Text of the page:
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Financial Services Law Insights and Observations

Bank reaches auto loan settlement

Courts Class Action Settlement Auto Finance Guaranteed Asset Protection Fees Consumer Finance State Issues


On June 8, the U.S. District Court for the Central District of California preliminarily approved a class action settlement, resolving allegations that a national bank failed to properly refund payments made pursuant to guaranteed asset protection waiver (GAP Waiver) agreements entered into in connection with auto loans. As previously covered by InfoBytes, the plaintiffs claimed that the bank knowingly collected unearned fees for GAP Waivers and allegedly “concealed its obligation” to issue refunds on GAP Waiver fees for the portion of the GAP Waiver’s initial coverage that was cut short by early payoff. The bank sought dismissal of the suit, arguing, among other things, that—with the exception of one consumer’s claims—all of the plaintiffs’ contracts include “a condition precedent under which the [p]laintiffs must first submit a written refund request for unearned GAP fees before being entitled to a refund,” a condition, the bank argued, which was not fulfilled. The court dismissed breach of contract claims brought by the majority of the plaintiffs, noting that most of the plaintiffs were not excused from complying with the condition precedent in their contracts with the bank. The court did, however, allow claims filed by plaintiffs whose contracts did not contain condition precedent language to proceed.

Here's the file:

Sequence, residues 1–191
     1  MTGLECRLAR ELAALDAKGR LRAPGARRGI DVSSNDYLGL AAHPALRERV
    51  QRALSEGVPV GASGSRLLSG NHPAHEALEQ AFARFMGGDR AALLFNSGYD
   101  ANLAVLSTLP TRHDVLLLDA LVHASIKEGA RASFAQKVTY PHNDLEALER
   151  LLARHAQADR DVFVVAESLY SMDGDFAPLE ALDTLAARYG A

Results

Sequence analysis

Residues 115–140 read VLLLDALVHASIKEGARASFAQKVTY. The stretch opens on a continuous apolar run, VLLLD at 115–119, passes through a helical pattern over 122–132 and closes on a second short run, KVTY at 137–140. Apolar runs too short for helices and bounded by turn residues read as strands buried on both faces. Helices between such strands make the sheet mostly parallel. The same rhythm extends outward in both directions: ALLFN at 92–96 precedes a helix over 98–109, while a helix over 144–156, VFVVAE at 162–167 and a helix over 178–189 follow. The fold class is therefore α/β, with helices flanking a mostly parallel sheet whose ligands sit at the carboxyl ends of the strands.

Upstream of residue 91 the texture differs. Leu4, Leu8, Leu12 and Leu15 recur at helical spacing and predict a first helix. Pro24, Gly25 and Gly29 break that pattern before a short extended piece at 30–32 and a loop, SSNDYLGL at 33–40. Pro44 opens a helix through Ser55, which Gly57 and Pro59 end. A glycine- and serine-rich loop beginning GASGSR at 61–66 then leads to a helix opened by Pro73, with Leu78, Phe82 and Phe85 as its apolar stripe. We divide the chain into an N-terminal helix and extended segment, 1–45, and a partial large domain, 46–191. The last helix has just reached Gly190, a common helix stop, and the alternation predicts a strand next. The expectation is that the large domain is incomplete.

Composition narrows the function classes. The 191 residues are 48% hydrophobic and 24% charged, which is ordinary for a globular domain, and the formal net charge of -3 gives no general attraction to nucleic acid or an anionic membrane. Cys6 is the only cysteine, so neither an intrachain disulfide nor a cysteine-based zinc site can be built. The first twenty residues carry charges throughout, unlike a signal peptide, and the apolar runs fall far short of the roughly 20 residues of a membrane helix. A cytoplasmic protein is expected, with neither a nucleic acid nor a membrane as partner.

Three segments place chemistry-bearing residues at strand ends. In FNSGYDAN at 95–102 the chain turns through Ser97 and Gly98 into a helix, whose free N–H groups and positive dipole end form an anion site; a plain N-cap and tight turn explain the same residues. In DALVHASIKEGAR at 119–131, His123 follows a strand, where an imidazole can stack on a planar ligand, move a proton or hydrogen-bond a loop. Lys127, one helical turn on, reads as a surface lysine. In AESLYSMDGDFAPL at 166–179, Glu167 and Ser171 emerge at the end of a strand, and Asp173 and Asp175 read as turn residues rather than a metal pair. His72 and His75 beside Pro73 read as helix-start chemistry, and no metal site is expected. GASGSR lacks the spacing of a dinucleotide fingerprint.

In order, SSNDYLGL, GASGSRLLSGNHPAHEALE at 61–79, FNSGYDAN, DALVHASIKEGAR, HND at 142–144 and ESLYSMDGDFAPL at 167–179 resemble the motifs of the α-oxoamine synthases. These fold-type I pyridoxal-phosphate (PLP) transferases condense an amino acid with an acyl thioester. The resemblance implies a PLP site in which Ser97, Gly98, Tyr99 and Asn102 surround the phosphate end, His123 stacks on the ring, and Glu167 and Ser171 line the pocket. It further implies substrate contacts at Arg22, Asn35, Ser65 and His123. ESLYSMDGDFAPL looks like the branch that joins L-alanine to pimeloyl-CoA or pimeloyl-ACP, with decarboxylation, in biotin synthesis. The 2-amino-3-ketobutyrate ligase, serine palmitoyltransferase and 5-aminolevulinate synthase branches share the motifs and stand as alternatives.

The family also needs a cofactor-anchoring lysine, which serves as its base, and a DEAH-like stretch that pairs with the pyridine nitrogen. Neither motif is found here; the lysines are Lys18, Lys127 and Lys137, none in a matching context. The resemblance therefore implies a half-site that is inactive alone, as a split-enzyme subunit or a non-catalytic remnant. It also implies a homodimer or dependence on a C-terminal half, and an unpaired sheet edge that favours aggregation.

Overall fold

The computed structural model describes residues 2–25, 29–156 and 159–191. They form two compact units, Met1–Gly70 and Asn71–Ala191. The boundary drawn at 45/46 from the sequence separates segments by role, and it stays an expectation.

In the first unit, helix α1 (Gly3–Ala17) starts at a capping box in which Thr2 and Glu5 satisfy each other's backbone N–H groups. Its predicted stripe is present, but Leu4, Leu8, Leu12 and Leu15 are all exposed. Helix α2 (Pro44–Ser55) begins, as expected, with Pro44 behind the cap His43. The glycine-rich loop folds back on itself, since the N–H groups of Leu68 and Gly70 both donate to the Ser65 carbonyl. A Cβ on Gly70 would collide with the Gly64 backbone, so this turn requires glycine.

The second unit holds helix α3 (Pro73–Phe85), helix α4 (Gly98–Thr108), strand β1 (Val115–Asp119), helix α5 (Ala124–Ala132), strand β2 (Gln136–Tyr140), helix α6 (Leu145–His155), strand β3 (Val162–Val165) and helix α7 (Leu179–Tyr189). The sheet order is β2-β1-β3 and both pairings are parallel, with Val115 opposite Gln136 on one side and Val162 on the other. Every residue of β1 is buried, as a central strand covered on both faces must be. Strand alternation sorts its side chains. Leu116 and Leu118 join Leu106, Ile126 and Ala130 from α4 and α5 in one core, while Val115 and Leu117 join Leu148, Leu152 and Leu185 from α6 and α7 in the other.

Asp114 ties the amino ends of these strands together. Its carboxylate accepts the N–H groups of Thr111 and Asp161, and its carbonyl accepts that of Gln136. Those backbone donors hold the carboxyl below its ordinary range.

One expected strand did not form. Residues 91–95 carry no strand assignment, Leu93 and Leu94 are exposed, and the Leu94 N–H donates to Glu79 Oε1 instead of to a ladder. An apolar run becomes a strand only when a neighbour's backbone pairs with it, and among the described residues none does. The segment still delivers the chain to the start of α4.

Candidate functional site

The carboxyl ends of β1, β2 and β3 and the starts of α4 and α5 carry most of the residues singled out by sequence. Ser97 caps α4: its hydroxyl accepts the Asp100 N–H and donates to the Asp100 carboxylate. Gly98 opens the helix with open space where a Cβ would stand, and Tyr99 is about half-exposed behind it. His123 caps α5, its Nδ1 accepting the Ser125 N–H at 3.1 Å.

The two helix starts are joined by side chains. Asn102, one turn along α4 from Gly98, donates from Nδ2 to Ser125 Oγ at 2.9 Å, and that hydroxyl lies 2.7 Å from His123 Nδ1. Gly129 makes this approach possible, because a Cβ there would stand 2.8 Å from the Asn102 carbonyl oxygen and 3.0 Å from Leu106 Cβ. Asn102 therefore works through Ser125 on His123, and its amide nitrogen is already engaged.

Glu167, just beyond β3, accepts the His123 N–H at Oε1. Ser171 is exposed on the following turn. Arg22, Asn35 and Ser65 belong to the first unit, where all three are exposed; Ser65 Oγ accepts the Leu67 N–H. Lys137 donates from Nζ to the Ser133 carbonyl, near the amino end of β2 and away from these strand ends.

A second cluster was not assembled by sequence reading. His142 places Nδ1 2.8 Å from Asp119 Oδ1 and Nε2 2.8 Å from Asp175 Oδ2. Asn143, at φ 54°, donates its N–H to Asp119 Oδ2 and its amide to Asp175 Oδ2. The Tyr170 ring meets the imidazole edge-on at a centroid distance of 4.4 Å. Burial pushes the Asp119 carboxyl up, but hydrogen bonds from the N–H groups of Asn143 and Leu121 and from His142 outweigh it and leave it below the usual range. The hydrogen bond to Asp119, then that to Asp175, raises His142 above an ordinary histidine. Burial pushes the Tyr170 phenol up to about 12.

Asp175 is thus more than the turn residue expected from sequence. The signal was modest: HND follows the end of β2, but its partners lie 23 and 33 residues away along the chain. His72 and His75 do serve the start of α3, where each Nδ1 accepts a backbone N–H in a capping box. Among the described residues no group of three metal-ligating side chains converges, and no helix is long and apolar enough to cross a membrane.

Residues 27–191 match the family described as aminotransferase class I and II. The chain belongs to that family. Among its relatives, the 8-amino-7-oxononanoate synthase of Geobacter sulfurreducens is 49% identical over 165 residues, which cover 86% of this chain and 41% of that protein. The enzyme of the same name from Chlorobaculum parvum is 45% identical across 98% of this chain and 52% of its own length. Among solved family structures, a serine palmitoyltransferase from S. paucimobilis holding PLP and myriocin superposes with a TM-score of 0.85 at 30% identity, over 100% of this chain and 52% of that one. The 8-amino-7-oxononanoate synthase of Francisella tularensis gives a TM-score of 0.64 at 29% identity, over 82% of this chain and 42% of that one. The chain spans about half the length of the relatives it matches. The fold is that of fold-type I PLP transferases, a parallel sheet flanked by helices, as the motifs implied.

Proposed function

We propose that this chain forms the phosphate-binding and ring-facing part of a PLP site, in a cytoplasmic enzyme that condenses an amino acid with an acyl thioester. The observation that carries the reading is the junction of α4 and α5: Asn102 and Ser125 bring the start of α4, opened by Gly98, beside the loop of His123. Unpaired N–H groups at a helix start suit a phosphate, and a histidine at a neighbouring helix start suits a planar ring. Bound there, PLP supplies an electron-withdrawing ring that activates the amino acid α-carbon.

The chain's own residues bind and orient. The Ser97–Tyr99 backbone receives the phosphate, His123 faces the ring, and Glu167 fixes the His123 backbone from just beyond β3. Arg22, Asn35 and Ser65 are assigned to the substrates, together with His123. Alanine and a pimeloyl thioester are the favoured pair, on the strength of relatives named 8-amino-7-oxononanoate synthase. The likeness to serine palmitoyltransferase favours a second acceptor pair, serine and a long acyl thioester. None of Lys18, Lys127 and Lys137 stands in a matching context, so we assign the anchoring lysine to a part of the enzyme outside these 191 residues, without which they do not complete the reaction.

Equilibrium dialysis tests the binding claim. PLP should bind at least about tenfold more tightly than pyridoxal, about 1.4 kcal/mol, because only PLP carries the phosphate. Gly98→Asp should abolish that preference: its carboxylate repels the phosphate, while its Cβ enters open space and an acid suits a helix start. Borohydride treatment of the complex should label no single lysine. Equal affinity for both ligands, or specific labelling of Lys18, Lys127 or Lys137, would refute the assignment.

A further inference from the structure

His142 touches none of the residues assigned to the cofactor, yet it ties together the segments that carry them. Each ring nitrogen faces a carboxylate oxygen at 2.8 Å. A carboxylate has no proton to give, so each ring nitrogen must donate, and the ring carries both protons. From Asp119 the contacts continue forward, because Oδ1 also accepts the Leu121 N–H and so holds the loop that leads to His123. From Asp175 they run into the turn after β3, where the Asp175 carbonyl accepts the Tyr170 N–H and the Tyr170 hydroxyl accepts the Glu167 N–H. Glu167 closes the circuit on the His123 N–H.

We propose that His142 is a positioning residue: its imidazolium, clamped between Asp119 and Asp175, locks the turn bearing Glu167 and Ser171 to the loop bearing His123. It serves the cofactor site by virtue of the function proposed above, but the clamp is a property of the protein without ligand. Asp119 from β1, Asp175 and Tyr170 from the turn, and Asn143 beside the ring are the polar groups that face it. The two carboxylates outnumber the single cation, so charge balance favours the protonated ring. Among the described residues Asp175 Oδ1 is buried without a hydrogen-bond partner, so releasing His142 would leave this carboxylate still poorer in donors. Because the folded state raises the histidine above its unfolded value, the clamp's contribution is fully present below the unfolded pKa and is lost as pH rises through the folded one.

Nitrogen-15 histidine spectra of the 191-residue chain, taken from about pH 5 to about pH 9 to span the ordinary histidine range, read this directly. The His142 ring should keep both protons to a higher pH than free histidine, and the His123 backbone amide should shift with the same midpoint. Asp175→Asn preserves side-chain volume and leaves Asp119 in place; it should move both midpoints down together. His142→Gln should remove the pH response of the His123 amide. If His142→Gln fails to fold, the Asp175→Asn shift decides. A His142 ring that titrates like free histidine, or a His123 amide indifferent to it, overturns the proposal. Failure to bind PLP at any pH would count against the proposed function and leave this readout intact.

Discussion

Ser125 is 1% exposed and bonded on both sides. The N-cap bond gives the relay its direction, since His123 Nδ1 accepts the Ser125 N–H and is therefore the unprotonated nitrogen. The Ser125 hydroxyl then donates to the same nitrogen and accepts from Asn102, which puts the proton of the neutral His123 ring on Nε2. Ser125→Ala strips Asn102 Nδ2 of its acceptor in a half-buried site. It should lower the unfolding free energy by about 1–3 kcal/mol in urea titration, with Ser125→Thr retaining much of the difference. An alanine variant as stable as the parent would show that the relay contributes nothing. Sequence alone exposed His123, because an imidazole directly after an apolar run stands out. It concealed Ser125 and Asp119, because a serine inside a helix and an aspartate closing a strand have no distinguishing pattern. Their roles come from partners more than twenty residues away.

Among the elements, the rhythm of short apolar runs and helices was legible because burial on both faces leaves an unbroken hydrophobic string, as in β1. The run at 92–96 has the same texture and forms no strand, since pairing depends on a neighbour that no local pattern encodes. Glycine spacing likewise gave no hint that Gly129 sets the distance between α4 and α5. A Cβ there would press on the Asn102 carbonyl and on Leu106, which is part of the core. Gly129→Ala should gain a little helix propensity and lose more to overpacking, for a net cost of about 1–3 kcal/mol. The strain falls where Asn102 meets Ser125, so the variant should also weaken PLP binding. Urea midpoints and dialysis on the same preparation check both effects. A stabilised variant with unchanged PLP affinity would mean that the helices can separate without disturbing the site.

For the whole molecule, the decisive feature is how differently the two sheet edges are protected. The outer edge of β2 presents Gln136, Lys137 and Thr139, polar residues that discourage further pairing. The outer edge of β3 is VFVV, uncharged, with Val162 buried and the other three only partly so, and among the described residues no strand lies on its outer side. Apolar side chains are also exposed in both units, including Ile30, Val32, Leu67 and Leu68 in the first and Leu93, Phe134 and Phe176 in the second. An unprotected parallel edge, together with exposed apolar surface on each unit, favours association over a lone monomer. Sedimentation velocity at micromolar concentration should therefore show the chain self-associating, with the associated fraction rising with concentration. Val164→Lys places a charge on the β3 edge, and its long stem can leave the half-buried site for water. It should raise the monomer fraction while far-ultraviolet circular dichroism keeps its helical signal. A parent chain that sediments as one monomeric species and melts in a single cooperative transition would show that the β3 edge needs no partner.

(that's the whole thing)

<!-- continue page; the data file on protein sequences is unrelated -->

Under the terms of the preliminary settlement reached between the parties, beginning in 2022 and continuing for four years, the bank is obligated to automatically refund unearned GAP fees to consumers who pay off their auto loans early, and will pay refunds along with compensation for the loss of the use of the funds to class members who have not yet received such payment. The bank will also add $45 million in a “supplemental” settlement fund to cover refunds, additional compensation payments, and other settlement-related costs and expenses. This amount is in addition to the more than $33 million in refunds the bank has already issued. The bank did not admit any wrongdoing and maintained that it did not breach the terms of any GAP agreements or otherwise fail to pay early payoff GAP refunds.

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